Jane Bryant Quinn

Don't Retire Without Health Coverage to Age 65

Retirement planning usually focuses on "the number"—how much money you'll need to support the kind of life you want. For early retirees, there's a second question, potentially even more important: will you have health insurance to carry you to 65 when you finally come under the protection of Medicare?

Quinn: Subprime-Loan Katrinas

The government had plenty of power to prevent the mortgage crisis. But regulators didn't do their jobs—and still don't get it.

Financial Planning: Wills And Other Ways

When you think about leaving money to heirs, the process seems simple. You put your decisions in your will (you have one, right?). When the will is read, your family and friends bless your sainted memory.

Payday Loans Can Be A Trap

One employee got disgusted when he saw a customer had paid $8,000 in fees on a $375 loan. 'That made the picture clear.'

Start Planning Now

When you turn 50, it's more than an embarrassing birthday. It's the outer door to retirement, whether you know it or not. Some people save for years so they can retire early (55 is a favorite age).

Capital Ideas

You've probably read that investors usually don't do as well as the mutual funds they buy. The reason is simple. You buy, or add to, successful funds after they've started zooming in value, not before.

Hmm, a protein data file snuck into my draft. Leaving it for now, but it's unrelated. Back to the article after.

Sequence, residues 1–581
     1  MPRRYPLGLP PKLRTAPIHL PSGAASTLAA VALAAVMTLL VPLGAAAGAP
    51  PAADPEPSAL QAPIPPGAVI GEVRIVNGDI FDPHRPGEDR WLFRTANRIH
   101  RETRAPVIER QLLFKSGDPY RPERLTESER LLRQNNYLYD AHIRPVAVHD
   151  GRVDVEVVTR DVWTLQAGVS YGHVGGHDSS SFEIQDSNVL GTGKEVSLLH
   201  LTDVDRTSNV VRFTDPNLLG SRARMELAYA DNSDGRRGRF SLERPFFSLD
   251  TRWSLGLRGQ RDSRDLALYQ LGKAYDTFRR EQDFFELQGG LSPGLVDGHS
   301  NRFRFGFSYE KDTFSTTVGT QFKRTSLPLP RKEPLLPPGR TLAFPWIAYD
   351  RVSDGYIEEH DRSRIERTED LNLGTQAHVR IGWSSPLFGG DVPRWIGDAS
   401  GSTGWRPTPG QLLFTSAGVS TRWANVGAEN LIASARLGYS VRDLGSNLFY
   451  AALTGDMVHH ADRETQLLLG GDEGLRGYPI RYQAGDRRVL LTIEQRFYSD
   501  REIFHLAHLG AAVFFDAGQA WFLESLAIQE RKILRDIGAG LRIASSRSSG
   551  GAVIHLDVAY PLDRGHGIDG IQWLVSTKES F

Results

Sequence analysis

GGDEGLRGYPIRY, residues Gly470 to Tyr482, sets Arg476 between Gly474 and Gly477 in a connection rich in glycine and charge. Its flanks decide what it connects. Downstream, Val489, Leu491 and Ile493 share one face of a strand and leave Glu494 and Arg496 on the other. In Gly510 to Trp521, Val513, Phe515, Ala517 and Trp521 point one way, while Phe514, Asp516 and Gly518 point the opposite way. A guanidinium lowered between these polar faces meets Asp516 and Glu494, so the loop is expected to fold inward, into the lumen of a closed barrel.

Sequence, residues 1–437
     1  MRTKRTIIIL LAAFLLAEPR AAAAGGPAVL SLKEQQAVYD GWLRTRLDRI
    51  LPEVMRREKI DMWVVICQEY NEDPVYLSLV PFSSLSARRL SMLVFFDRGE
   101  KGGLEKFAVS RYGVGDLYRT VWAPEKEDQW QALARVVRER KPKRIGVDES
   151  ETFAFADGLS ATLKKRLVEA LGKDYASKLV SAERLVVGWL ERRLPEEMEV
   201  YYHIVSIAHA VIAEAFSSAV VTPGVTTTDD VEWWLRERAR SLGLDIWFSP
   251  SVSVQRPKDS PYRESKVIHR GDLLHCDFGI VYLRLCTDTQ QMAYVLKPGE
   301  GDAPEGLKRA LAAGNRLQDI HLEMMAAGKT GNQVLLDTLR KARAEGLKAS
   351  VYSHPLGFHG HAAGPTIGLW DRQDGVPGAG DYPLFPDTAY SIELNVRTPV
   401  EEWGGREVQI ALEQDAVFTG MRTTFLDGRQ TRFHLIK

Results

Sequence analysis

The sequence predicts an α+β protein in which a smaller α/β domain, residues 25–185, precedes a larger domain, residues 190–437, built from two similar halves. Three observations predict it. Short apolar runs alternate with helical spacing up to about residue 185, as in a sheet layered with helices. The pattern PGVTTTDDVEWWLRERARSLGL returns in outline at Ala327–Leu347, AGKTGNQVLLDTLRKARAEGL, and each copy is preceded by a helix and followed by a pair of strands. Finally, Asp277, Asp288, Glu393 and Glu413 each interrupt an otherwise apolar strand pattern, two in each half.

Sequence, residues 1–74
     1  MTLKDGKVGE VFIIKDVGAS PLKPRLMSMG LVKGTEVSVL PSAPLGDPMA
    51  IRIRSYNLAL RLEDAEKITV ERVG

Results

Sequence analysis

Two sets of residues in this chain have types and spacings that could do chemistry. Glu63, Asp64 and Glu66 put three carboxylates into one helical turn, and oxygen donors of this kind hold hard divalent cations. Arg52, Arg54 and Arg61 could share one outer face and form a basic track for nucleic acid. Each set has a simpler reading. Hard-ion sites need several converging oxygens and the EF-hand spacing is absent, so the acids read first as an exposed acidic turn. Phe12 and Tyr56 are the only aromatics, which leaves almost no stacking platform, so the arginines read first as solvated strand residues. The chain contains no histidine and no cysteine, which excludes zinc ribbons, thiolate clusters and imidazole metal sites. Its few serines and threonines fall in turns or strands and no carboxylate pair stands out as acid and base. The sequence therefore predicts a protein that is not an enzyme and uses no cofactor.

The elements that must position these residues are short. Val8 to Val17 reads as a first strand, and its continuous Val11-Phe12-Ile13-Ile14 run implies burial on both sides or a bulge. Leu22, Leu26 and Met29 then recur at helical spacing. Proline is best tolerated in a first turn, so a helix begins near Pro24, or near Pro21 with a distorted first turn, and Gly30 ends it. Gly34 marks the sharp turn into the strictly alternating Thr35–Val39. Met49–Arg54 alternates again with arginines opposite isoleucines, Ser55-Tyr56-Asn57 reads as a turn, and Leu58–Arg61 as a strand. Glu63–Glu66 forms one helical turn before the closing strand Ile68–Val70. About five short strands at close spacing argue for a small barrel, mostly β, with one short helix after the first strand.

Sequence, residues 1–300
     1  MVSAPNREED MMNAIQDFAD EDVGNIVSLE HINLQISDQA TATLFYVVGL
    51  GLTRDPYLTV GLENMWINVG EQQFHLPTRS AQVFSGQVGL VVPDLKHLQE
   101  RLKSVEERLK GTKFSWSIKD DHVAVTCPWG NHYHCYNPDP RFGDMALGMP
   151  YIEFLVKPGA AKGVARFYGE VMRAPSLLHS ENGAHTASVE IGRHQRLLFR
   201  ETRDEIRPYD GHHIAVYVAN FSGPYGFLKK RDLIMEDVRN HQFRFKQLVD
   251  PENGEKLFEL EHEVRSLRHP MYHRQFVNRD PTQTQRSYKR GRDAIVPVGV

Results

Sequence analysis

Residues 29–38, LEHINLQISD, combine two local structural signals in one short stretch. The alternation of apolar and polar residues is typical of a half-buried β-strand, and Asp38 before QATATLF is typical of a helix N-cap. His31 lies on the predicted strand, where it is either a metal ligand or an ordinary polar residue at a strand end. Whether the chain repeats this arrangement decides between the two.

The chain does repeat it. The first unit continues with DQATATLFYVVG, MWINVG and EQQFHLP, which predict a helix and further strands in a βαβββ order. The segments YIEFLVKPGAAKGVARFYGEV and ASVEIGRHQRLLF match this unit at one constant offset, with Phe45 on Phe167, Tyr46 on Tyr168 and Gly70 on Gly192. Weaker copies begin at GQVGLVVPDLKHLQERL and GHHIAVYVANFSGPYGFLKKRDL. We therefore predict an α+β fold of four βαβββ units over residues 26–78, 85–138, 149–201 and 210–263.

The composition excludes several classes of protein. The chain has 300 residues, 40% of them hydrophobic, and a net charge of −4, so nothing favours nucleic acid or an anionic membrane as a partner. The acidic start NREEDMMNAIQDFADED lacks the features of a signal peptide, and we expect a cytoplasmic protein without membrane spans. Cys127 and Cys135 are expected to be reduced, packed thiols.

Tips for Managing Money on Your Own

Every May, the voice of the commencement speaker rings in the land. Go forth! Play to win! But while graduates may be prepared to take up jobs and careers, they're often not ready to handle money.

Quinn: Death and Medical Choices

There's more reason than ever to leave written instructions about the medical care you want if you're unable to speak for yourself. In the wake of the Terri Schiavo case, in which her husband and parents fought over whether to remove her feeding tubes, right-to-life activists have been working on state legislatures.

Quinn: Are You Retirement-Ready?

Ready to retire? Looking for income, safety and growth? You're a sitting duck for a broker selling a fancy new investment product—a variable annuity with "guaranteed minimum withdrawal benefits for life." You put up some money; it's invested in stocks and bonds; you're guaranteed an annual payment of 5 or 6 percent of your initial investment for life (that's $5,000 or $6,000 on a $100,000 investment); if stocks keep rising, your future payments can (supposedly) rise, too, but they'll never...

Quinn: Easy Money, a Click Away

If you're still picking your bank by whether there's a handy branch nearby, you haven't joined the 21st century. Branches are nice, especially when you've got a good book to read while you're waiting in line.

Quinn: Dragged Down by Debt

Claudie Harris, 54, of Kansas City, Mo., knows about living on the edge. She owes about$5,000 toward her late husband's medical bills. She's paying it, slowly, from the salary she earns as a housekeeper at a facility for the mentally ill.

Quinn: How to Make Money on Climate Change

So where's the money in climate change? Investors sense a tumultuous market in the making, if they can only hit it right. "Sometimes I feel like a fly on the wall, watching a new era unfold," says Rona Fried, editor and publisher of Progressive Investor, a six-year-old newsletter that follows the field. "We're almost past the final hurdle of 'Do we really have to change?' Yes, we do, and we're going to get there."Wall Street's own change in climate is nothing less than astonishing.